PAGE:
By: 26 April 2016
Diminution in value claims: Knowing the one head of loss rule

A dearth of Court of Appeal decisions in this area, coupled with a growth in diminution claim numbers, has led to a number of commonly held, but ultimately misconceived, views developing over diminution in value claims. Glyn Thompson looks at how to deal with them

Diminution – the extent to which a chattel suffers a reduction in value as a result of damage – has existed as a legitimate head of compensation for more than 125 years (see The Endeavour [1890] 6 Asp MC 511).

It is established law, for instance, that the loss arises immediately upon the damage occurring and irrespective of whether the damage is ever repaired. It seems surprising, therefore, that by the time Coles v Hetherton [2012] EWHC 1599 (Comm) got to the High Court people were still posing questions like – are diminution and repair the same thing?

Mr Justice Cooke answered that question unequivocally: there is no such thing as a claim for repairs and a claim for diminution, there is only diminution. Understanding what repair costs are (via estimates etc) serves only to give a marker for assessing what the reduction in value actually is.

When Coles v Hetherton got to the Court of Appeal Aikens LJ reaffirmed that using repairs as a point of reference is a practice that courts “should continue to follow” but that was it. There was no extension or expansion of diminution into two distinct heads of loss. Aikens LJ remarked that the reasonable cost of repairs “may not always represent the full amount of the diminution” because, alluding to Payton v Brooks [1974] 1 Lloyd’s Rep 241, some residual reduction in value may persist but he went no further.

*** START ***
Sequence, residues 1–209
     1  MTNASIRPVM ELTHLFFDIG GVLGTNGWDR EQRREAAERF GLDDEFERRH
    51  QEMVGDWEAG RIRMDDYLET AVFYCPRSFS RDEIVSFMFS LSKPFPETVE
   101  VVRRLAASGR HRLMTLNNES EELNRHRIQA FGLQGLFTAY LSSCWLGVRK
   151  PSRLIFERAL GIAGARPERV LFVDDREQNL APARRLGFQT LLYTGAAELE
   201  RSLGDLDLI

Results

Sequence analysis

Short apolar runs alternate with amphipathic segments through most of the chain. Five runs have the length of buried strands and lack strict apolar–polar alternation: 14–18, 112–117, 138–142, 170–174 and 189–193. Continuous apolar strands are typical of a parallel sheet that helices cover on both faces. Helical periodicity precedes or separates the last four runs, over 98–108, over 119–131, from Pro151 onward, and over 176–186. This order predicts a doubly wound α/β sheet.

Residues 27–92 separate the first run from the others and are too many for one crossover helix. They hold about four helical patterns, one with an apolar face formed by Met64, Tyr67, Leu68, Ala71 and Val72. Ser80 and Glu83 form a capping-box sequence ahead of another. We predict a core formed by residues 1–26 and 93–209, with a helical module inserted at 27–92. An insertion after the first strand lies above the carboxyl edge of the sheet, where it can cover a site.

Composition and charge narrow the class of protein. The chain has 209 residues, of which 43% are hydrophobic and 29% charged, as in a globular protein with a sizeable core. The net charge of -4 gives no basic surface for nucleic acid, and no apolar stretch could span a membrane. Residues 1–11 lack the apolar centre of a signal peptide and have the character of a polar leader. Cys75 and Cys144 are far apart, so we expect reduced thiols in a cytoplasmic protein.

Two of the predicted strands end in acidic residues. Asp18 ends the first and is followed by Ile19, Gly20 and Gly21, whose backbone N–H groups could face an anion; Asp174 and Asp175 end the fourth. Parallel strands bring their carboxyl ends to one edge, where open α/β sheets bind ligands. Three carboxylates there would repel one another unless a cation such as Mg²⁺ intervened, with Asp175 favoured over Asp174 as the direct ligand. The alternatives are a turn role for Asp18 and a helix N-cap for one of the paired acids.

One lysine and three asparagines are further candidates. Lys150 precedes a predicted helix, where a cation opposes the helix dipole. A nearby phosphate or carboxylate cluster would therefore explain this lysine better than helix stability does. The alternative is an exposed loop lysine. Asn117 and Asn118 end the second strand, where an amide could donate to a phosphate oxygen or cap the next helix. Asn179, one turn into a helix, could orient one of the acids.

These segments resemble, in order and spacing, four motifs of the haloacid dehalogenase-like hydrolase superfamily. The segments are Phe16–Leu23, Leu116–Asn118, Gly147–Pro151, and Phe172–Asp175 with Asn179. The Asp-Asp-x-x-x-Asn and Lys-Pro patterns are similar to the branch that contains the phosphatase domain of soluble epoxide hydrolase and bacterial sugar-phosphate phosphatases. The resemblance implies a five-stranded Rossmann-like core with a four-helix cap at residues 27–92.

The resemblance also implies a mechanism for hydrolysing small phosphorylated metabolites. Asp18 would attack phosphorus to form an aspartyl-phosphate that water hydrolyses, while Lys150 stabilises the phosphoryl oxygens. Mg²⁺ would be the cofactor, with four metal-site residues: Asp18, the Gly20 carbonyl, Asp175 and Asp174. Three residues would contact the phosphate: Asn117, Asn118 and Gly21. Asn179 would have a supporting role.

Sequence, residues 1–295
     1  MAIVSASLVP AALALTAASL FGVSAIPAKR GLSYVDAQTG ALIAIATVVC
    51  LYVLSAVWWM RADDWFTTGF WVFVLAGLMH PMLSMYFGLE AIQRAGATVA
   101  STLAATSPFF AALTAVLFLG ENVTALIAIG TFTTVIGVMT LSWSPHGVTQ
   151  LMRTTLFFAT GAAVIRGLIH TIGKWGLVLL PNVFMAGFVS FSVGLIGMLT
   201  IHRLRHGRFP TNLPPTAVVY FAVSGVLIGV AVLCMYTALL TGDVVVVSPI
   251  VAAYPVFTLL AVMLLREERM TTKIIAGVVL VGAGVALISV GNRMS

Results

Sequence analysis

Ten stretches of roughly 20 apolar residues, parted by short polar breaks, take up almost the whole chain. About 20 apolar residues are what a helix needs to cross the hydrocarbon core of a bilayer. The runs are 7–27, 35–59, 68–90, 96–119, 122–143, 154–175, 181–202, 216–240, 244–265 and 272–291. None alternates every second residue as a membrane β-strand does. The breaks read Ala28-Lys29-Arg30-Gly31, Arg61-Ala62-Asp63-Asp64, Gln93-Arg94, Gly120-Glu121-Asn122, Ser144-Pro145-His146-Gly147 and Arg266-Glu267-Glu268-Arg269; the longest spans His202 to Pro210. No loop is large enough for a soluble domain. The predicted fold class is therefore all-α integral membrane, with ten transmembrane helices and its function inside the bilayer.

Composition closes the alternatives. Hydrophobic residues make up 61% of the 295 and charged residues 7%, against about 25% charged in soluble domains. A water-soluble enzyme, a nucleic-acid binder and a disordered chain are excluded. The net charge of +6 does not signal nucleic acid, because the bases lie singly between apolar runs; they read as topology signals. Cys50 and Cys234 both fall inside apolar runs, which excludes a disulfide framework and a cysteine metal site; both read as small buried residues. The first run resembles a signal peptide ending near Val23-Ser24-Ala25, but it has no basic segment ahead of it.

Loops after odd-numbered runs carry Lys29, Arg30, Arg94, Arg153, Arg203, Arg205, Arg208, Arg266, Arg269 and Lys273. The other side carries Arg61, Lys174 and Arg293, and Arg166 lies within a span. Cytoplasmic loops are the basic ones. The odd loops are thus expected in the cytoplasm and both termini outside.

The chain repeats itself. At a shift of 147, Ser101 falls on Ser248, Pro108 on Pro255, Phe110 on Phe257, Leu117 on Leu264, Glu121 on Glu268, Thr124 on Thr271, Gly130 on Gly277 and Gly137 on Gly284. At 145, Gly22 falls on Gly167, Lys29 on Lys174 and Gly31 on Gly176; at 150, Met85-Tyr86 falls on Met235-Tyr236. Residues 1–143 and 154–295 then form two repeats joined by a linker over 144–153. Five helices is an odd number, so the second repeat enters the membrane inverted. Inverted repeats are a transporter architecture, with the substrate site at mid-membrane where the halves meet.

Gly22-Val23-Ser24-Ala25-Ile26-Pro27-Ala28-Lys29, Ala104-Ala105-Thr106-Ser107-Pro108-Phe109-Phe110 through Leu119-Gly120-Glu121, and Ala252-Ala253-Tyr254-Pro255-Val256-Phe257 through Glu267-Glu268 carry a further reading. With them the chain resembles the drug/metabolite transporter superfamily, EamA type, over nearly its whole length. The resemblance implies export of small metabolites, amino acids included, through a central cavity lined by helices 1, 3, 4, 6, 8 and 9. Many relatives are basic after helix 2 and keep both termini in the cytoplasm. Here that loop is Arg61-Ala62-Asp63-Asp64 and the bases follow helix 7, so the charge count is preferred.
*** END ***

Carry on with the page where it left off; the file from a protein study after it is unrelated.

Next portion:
If there was any doubt beforehand, the principle of ‘one head of loss’ was set solidly into law from Coles onwards and those faced with claims for repairs and diminution should look to bind them up as one and conclude such a single claim on a full and final basis.

Guidance from case law

Whilst the firmly established principles of diminution were forged out of Admiralty case law, Payton was the first and last Court of Appeal case (Coles aside) to look at diminution solely in relation to motor vehicle value reduction.

Practice Direction (Citation of Authorities) [2001] 1 W.L.R 1002 CA, dictates that county court decisions may not be cited in any court – so are of no use – unless they purport to (a) establish a new principle of law, or (b) extend the law as it existed before that decision.

However, decisions of District Judges are not binding upon their equivalents, so any new principles of law purportedly established with any given District Judge’s decision will not be binding. And what value is an unbinding principle?

The Practice Direction also makes clear that where there is no better authority than a county court decision, the decision cited serves only to demonstrate judicial thinking on the issue at hand.

So fear not the five page letter quoting county court case after county court case, and remember that Payton provides the most guidance of all. Frequently cited county court decisions do no more than show what the court could decide, not what it will.

The real art in responding to a diminution claim is knowing the one head of loss rule and ensuring that the correct evidence goes before the Court.

A false faith in or fear of county court decisions might lull you into arriving at the litigation process ill prepared, over confident or both.

Glyn Thompson (pictured) is a technical controller in the motor team at Weightmans